The work has helped rescuers improve their search-and-rescue strategies, environmental agencies monitor water quality more precisely, fisheries officials manage fisheries better, and meteorologists better understand the underwater dynamics of hurricanes.
“Before, we could accurately predict a hurricane’s direction but not the intensity of its landfall,” says Oscar Schofield, Distinguished Professor and Chair of the Department of Marine and Coastal Sciences and another cofounder of RU COOL. “Now, we know how to do that, which has huge implications for emergency preparedness, landuse planning, and lots of other activities.”
The Spanish vessel M/V Investigador approaches the Rutgers submersible robotic glider RU27 Scarlet Knight off the coast of Spain in December 2009 after the glider completed its precedent-setting 221-day underwater ight across the Atlantic Ocean.
The program drew international attention in 2009 when Rutgers scientists achieved the world’s first transatlantic crossing of an undersea robotic glider. The media likened the feat to Charles Lindbergh’s solo flight across the Atlantic Ocean, and the glider, dubbed the RU27 Scarlet Knight, was put on display at the Smithsonian Institution.
Now, gliders fly underwater in all the world’s ocean basins, and CODARs line both coasts of the United States and are deployed in several other countries. Going forward, RU COOL is at the heart of the effort to manage and understand all that data.
In June 2016, the National Science Foundation awarded $11.8 million to Rutgers to design, build, and operate the data system for the Ocean Observatories Initiative, which collects and shares data from more than 800 sophisticated instruments deployed in the Atlantic and Pacific oceans. The data are transmitted to labs ashore by submarine cable or satellite. The Rutgers team includes RU COOL and the Rutgers Discovery Informatics Institute. The goal: provide a holistic view of the world’s oceans.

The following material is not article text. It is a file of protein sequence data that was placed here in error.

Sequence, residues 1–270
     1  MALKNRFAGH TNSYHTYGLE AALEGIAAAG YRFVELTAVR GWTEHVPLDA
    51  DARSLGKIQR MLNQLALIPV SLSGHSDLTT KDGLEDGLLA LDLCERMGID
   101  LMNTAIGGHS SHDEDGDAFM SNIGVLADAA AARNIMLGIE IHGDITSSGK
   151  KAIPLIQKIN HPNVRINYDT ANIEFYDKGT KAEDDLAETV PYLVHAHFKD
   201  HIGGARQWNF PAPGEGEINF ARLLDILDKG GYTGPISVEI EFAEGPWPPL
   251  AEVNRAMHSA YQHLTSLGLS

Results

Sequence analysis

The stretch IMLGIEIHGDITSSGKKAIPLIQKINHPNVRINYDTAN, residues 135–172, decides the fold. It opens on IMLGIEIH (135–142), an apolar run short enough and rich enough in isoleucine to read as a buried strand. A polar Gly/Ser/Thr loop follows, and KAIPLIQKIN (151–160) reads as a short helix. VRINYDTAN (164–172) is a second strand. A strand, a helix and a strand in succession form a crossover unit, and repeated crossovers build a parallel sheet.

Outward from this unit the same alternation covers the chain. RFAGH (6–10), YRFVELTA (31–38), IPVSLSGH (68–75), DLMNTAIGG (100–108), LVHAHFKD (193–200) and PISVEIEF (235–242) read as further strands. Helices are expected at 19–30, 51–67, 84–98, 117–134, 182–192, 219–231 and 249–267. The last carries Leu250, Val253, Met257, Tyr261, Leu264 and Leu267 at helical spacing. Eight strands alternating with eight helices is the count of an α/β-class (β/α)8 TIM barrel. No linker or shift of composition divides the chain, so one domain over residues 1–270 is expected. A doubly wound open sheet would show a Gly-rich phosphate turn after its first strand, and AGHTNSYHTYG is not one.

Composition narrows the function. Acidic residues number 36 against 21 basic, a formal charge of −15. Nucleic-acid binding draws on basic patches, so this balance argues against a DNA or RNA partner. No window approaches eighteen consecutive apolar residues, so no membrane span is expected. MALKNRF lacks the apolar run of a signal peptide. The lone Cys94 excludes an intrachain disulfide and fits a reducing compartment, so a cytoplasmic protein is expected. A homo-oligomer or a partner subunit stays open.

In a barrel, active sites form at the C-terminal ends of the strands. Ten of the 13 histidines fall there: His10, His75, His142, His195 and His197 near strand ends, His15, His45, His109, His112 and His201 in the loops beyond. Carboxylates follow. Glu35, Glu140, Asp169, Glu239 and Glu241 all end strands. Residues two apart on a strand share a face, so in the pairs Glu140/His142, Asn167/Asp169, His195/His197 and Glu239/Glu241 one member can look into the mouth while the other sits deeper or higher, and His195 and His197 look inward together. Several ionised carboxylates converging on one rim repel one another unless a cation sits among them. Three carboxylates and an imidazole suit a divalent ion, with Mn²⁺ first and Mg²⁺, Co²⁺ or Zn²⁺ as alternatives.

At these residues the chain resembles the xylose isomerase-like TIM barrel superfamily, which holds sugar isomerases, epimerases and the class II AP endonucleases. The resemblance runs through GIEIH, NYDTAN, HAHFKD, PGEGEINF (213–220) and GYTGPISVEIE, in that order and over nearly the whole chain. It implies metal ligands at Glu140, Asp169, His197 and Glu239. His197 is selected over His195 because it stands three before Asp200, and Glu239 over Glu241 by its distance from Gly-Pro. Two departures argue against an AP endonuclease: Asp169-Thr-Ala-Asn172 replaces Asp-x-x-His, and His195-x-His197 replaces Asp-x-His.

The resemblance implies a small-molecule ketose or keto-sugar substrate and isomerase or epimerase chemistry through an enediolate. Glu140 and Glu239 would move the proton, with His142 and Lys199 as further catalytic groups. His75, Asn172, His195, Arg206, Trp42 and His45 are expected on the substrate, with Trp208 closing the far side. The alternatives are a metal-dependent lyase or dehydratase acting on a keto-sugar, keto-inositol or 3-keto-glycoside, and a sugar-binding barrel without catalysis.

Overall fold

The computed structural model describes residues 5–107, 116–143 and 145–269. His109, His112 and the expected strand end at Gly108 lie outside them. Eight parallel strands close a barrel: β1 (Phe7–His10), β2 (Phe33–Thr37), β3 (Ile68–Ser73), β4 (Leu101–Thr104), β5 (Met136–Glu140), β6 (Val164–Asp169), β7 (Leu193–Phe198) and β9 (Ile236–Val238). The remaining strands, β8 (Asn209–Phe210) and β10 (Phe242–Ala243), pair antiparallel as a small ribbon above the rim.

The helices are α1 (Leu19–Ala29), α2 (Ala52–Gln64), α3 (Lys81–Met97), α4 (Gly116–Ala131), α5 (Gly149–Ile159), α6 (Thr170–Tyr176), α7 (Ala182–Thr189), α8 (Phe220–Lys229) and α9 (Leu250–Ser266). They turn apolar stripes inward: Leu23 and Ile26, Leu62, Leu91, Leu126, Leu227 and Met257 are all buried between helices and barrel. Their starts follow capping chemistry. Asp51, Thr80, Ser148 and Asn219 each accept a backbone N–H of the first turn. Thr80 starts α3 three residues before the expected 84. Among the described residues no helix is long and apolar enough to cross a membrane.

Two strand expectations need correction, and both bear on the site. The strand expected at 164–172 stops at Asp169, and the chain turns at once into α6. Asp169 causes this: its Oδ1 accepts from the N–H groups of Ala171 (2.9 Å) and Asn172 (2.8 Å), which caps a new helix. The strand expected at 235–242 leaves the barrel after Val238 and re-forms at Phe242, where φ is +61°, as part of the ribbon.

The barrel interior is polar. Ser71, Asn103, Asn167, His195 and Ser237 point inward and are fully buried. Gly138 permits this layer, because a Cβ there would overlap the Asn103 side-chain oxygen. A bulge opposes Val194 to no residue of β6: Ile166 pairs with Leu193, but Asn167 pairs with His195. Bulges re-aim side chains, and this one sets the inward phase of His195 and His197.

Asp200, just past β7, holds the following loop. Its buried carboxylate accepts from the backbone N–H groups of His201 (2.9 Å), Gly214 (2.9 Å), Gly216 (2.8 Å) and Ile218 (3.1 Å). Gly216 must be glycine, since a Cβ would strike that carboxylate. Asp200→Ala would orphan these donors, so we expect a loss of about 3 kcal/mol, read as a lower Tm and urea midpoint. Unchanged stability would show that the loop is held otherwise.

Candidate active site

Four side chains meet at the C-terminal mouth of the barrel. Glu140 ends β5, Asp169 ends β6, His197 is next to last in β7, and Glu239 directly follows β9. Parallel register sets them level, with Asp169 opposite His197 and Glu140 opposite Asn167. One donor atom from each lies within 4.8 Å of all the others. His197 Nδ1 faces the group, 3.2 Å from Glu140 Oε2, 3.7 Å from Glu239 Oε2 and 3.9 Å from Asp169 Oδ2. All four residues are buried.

“The view of the world before was that we’re data-limited, and if we just had the data, the ocean would make sense to us,” says Matt Oliver, professor of marine science at the University of Delaware who did his graduate work with RU COOL. “Now, there is so much data going
in, we’ve gone from being blind to staring into the sun, and we’re still blind.”
Like Oliver, hundreds of undergraduate and graduate students have started their careers at RU COOL to get hands-on experience. In 2009, when the lab sent the Scarlet Knight glider on its historic journey across the Atlantic, the professors often knew no more than their students, and weren’t afraid to admit it.
“There were times when [Glenn] just gave us the keys and told us to drive,” student Shannon Harrison told Rutgers Today in 2011.
Scott Glenn, second from right, professor of marine science, with student researchers and a Rutgers glider.
The Rutgers scientists say they have been deliberate in choosing top students in hopes of identifying others from Rutgers who will go on to do revolutionary work.
“We need a new generation of oceanographers,” Glenn said. “That’s why we developed our undergraduates as researchers. They’re still explorers. They’re still trying out new things.”